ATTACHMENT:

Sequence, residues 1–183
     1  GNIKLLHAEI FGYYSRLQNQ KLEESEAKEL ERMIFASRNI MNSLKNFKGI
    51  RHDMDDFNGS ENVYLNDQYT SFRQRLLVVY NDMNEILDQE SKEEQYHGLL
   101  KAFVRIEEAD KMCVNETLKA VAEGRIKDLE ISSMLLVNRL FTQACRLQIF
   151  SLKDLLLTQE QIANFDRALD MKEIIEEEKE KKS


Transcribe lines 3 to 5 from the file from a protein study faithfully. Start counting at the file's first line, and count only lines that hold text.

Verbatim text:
    51  RHDMDDFNGS ENVYLNDQYT SFRQRLLVVY NDMNEILDQE SKEEQYHGLL
   101  KAFVRIEEAD KMCVNETLKA VAEGRIKDLE ISSMLLVNRL FTQACRLQIF
   151  SLKDLLLTQE QIANFDRALD MKEIIEEEKE KKS